Observation of 23 Supernovae that Exploded <300 pc from Earth During the Past 300 kyr in the Radiocarbon and 10Be Cosmogenic Isotope Record

Tuesday, 16 December 2014
Richard B Firestone, Lawrence Berkeley National Laboratory, Berkeley, CA, United States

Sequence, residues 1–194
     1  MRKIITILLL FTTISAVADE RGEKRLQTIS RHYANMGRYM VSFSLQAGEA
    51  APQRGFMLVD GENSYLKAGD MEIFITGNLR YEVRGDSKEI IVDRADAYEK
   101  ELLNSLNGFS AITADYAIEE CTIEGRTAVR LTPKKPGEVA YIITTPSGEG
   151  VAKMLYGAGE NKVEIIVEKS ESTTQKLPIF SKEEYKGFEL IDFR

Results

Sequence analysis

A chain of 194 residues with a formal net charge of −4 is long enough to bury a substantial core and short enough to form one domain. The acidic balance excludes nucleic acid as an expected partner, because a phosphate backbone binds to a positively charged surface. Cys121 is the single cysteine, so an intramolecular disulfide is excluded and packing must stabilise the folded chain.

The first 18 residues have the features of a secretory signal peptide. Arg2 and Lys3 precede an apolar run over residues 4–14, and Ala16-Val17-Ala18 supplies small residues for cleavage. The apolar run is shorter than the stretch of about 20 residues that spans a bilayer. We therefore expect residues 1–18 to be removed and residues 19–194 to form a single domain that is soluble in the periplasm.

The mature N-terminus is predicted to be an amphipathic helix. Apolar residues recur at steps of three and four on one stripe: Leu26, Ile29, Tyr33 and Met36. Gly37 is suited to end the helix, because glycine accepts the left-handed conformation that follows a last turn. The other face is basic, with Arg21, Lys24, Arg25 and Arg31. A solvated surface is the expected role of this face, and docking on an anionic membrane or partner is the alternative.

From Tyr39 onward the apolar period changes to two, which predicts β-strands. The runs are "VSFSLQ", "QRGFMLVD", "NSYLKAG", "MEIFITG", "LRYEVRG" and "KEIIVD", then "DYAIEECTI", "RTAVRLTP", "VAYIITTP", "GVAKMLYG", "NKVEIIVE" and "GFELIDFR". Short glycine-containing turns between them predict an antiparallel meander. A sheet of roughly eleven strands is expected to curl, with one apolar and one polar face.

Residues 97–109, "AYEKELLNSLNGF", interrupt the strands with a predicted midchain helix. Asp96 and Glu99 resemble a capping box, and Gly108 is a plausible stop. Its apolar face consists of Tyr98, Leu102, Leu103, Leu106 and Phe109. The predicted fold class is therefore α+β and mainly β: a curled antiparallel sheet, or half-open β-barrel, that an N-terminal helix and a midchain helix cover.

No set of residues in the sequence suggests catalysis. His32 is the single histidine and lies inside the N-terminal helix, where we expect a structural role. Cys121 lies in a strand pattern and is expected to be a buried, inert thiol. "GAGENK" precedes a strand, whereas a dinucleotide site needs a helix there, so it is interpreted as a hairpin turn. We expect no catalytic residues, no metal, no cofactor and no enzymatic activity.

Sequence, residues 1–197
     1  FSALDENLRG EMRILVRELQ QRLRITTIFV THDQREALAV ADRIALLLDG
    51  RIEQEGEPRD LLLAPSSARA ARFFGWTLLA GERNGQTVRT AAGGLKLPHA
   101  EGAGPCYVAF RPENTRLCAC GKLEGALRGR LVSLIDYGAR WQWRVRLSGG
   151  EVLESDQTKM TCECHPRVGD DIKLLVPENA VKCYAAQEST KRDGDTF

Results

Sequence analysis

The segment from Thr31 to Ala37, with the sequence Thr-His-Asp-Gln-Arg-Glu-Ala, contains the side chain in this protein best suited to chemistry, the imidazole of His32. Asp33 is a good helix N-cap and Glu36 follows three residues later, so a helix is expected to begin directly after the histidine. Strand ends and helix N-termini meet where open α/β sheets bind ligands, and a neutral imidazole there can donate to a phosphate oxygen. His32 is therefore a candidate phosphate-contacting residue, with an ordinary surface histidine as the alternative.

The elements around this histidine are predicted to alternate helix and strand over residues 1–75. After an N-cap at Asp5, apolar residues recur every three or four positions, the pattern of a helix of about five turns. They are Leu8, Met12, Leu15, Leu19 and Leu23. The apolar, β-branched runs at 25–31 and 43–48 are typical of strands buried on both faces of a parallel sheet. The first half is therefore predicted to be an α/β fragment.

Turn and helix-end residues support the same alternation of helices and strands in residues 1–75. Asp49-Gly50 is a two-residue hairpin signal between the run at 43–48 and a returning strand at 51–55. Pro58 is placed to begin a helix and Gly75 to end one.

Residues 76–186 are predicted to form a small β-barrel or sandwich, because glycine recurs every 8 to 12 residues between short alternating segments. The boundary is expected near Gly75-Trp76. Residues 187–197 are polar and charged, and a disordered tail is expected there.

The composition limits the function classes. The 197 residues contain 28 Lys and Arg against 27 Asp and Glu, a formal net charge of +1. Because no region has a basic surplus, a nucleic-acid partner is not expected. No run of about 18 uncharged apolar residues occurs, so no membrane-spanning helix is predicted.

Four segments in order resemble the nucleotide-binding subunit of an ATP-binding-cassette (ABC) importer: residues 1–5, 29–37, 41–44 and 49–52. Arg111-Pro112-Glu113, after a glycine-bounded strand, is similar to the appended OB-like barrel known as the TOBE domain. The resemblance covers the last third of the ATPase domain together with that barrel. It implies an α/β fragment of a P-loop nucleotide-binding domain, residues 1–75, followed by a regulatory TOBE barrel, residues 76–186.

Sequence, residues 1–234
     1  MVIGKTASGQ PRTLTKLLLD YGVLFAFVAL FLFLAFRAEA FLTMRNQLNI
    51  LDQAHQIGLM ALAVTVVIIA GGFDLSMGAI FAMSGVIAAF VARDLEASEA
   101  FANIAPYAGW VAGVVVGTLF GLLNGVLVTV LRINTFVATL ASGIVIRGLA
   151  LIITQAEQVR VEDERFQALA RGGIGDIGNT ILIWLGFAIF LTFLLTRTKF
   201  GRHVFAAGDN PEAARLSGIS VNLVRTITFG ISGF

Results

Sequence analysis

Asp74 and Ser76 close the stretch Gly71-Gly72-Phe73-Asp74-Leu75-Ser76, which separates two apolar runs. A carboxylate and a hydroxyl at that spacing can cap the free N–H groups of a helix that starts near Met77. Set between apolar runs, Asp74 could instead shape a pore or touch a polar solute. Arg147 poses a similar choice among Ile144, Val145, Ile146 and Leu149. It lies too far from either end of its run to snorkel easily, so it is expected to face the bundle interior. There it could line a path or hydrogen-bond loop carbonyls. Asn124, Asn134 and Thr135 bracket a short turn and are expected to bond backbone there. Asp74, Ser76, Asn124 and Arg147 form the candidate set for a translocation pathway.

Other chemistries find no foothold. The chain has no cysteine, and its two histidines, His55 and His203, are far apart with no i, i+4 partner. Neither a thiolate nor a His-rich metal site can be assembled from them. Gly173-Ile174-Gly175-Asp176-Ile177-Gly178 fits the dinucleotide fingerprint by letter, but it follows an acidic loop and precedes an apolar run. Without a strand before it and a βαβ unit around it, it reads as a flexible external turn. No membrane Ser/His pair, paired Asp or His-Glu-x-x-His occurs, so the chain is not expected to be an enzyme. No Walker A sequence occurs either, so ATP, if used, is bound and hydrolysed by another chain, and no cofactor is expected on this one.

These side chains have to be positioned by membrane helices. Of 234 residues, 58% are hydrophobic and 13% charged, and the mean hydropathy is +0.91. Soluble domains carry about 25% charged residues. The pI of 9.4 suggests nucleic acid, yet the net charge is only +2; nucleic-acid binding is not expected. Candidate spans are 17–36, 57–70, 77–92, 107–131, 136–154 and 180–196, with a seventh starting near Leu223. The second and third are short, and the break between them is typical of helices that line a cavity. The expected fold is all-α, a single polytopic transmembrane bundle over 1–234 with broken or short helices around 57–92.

The global excess radiocarbon abundance record for the past 50 kyr can be entirely explained by the explosion of four supernovae 44, 37, 32, and 22 kyr ago less than 250 pc from Earth. Each supernova left a nearly identical signature beginning with a sudden increase at the time of the explosion, followed by a hiatus of 1500 years, and continuing with a sustained, 2000 year increase in radiocarbon from gamma rays produced by diffusive shock in the supernova remnant. For the past 18 kyr excess radiocarbon from SN22kyrBP, identified as the Vela supernova, has decayed with the 5700 year half-life of 14C. The absolute scale for radiocarbon abundance has been determined from the decay curve as Δ14C=5±2% in 1950. Small oscillations in the decay curve are shown to coincide with variations in Earth’s Virtual Axial Dipole Moment (VADM). SN44kyrBP exploded approximately 110 pc from Earth doubling the radiocarbon abundance. These supernovae are confirmed in the 10Be, 26Al, 36Cl and nitrate geological records. An additional 19 supernovae are observed 50-300 kyr ago in the 10Be record. Using the Earth as a calorimeter I have determined that approximated 2×1049 ergs were released at the time of each supernova explosion and 1049-50 ergs afterwards, consistent with theoretical predictions. The background rate of radiocarbon productions from more distant sources was determined as 1.61 atoms/cm2s at the top of the atmosphere. Although little danger to life on Earth is expected from these supernovae, each of the recent events were shown to correlate with concurrent global warming of 3-4°C.